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Legacy in the News: Legacy dieticians say FDA's food label makeover could make calories easier to count

Portland Business Journal, KATU News, KEX-AM 1190

March 14, 2014
The Food and Drug Adminstration recently unveiled the first major makeover for food labels in 20 years. Consumers will see at least a half dozen noticeable changes, including more prominent calorie counts, and more realistic serving sizes. Although it could be a year before the new labels grace food shelves, Pam Evans, Sarah Curole and Kelly Laschkewitsch, three Legacy Weight and Diabetes Institute dieticians spoke to local media about what it all means.

Here is Pam Evan's Q & A from the Portland Business Journal:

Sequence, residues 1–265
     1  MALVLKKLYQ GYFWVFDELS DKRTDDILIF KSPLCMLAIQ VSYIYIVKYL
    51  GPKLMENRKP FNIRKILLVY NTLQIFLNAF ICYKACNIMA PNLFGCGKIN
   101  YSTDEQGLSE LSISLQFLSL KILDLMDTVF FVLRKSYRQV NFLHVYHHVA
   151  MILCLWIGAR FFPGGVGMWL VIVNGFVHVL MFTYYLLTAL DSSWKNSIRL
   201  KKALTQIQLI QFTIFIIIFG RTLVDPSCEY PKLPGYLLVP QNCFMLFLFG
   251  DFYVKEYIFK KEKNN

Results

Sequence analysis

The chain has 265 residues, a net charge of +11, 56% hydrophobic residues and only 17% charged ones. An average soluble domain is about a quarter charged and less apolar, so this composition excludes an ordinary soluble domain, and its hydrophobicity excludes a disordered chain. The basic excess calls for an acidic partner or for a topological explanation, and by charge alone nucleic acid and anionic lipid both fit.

What is the biggest change?

The FDA proposed showing calories very prominently and in bold. The other thing is making the serving sizes more realistic and more package appropriate. An ice cream serving will be a cup instead of a half a cup. For potato chips, it will be the whole bag. People eat the entire amount in front of them. The calories will reflect what people are eating.

Will this make a big difference?

They're preaching to the choir, but the percentage of people labels is going up, which is good. The people we want to target aren't reading them. But if you can make the calorie count bigger, that's a good thing. Calories are one thing many people understand. It's going to be helpful.

What about showing added sugar?

If you pick up a cherry yogurt, it will be tell you what the added sugar is. The American Heart Association recommends six to nine teaspoons max of added sugar per day. Americans are getting 20 teaspoons per day. There are 17 in a 20-ounce bottle of soda.

Is there anything else you would do if you were to create the perfect food label?

The percentages are confusing. I'd take them out. For a lot of people, the percentages are a turnoff. There's too much noise, which can make or break whether a person looks at the label.